Surface display of recombinant proteins on Escherichia coli by BclA exosporium of Bacillus anthracis
© Park et al.; licensee BioMed Central Ltd. 2013
Received: 3 January 2013
Accepted: 17 September 2013
Published: 22 September 2013
The anchoring motif is one of the most important aspects of cell surface display as well as efficient and stable display of target proteins. Thus, there is currently a need for the identification and isolation of novel anchoring motifs.
A system for the display of recombinant proteins on the surface of Escherichia coli was developed using the Bacillus anthracis exosporal protein (BclA) as a new anchoring motif. For the surface display of recombinant proteins, the BAN display platform was constructed in which a target protein is linked to the C-terminus of N-terminal domain (21 amino acids) of BclA. The potential application of BAN platform for cell surface display was demonstrated with two model proteins of different size, the Bacillus sp. endoxylanase (XynA) and monooxygenase (P450 BM3m2). Through experimental analysis including outer membrane fractionation, confocal microscopy and activity assay, it was clearly confirmed that both model proteins were successfully displayed with high activities on the E. coli cell surface.
These results of this study suggest that the strategy employing the B. anthracis BclA as an anchoring motif is suitable for the display of heterologous proteins on the surface of E. coli and consequently for various biocatalytic applications as well as protein engineering.
Cell surface display allows expression of proteins or peptides on the surface of cells in a stable manner using the surface proteins of bacteria, yeast, or even mammalian cells as anchoring motifs [1–4]. This powerful tool has been used in a wide range of biotechnological and industrial applications, such as live vaccine development , peptide libraries screening [6, 7], whole-cell catalysis , biosensor development [9, 10] and environmental bio adsorption [11, 12]. For the efficient display of recombinant proteins on a surface of host cells, various anchoring motifs have been developed, including OprF, OmpC, OmpX, and many others [12–14]. Although many successful results have been achieved, the use of current anchoring motifs did not always allow efficient display of all target proteins . In cell surface display systems, successful protein display is highly dependent on the choice of the anchoring motif. Therefore, in this study, we decided to explore and develop an alternative cell surface display system for the expression and display of recombinant proteins.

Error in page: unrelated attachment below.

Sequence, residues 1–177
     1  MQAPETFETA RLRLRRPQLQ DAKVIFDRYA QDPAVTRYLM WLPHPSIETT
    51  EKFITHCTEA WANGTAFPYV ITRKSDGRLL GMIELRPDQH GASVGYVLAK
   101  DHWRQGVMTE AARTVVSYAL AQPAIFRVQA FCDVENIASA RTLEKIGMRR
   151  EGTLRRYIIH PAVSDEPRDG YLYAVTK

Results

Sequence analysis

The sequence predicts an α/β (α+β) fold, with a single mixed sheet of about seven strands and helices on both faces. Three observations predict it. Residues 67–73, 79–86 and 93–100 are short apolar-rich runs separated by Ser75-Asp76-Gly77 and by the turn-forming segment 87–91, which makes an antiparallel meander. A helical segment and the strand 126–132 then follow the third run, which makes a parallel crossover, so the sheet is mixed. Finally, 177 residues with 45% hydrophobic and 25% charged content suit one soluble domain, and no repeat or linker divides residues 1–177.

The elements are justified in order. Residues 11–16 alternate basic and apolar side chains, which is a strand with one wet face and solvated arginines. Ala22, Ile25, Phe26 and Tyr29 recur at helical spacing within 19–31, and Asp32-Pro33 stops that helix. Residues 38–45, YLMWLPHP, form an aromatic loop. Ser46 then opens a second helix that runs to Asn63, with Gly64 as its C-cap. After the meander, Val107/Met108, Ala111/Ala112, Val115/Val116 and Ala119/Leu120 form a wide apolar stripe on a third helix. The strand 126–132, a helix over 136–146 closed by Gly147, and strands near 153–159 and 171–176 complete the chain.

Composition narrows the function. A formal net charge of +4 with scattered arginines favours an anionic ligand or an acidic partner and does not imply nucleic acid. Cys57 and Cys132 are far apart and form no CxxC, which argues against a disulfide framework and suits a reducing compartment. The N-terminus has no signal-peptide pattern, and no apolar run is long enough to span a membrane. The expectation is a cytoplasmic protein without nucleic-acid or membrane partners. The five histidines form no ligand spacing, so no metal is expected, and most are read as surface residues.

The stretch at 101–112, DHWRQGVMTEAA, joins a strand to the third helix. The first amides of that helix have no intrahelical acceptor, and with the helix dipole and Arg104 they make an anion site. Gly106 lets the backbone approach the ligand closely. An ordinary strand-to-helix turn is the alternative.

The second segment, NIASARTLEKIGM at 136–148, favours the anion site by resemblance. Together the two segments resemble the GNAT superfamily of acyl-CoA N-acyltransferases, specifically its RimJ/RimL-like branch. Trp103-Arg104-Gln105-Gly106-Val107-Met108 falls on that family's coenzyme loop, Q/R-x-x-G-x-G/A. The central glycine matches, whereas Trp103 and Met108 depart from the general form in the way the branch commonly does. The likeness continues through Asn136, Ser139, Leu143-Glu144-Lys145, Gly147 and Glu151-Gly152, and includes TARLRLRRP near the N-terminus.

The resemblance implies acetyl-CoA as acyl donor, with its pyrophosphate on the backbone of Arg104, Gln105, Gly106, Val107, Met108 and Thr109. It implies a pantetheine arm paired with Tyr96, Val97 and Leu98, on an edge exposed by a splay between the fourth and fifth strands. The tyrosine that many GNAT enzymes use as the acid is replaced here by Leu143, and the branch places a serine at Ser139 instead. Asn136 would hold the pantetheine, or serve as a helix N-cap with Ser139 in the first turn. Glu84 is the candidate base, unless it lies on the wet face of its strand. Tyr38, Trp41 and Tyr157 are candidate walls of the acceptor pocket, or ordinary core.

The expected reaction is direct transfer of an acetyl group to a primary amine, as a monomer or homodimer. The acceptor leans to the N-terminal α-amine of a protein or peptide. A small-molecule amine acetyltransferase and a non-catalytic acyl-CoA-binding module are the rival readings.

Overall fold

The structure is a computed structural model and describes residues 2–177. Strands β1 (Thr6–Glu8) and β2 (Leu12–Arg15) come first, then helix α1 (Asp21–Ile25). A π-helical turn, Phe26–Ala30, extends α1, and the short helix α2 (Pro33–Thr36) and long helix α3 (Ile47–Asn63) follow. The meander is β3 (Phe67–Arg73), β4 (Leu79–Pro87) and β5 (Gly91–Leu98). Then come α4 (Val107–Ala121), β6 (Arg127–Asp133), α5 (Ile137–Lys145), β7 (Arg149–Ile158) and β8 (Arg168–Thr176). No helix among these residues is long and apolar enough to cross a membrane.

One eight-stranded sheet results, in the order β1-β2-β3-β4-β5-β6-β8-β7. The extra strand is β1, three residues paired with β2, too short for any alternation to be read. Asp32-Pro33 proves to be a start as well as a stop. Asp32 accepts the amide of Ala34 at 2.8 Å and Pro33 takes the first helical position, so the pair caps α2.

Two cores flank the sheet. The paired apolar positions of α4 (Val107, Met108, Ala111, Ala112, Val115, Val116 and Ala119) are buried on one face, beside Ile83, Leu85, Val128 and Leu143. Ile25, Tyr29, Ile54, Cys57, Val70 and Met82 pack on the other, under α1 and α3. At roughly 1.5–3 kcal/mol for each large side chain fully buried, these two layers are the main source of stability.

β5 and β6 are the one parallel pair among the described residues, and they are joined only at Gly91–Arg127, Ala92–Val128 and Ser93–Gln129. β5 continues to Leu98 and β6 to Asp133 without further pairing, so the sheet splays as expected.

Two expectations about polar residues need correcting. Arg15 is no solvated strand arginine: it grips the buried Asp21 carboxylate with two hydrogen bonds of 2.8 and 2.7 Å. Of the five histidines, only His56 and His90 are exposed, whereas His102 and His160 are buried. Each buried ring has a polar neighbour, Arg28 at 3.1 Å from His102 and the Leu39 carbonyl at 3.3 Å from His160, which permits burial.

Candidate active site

Development of a surface display system with BclA
The native BclA contain 19-residue amino terminal peptide, but this peptide is proteolytically removed during sporulation and the remaining mature BclA is attached to the surface of the developing forespore [15, 16]. The mature BclA protein consists of three parts: NTD, CTD and the central domain, which contains 1 ~ 8 repeating regions of ‘(GPT)XGDTGTT triplet sequence’ (Figure 1a and Additional file 1: Figure S1) [15, 16]. The central domain looks like a mammalian collagen protein (it is also called ‘collagen-like region’, CLR) and, according to the repeating number of CLR, the BclA can be of different sizes (253 ~ 445 amino acids). Each domain has its own unique independent function. In addition, the truncated form of each domain shows different levels of expression and localization on the membrane [8, 16, 17]. Thus, in order to develop the most efficient display system based on the B. anthracis BclA, we examined three different display systems using the three different motifs (BAN, BANC, and BAF) of BclA as anchoring motifs as shown in Figure 1b. The BAN system contains only the NTD (21 amino acids) without the 19-residue amino-terminal peptide of BclA, and the BANC system contains both NTD and CTD without the central CLR (total 178 amino acids). Finally, the BAF system contains a mature form of full-length BclA from B. anthracis RA3 strain (NCBI accession no. CAD56878.1, 233 amino acids). In each system, the target protein (Bacillus sp. TG43 lipase) was fused to the C-terminus of each anchoring motif, and gene expression was controlled under the IPTG-inducible tac promoter (P tac ). Comparison of gene expression in three systems suggested that the BAN expression platform (pTJ1-BAN) allowed significantly higher gene expression, while other expression systems (BANC and BAF) showed rather poor expression levels (Additional file 2: Figure S2). Even though much higher production level could be achieved with the BAN-fused system, the localization of BAN-fused lipase on cell surface gave multiple varying results during the repeated experiments. Thus, the display of other recombinant proteins instead of lipase was studied using the BAN platform as a display system in further experiments.
Display of endoxylanase on the E. coli cell surface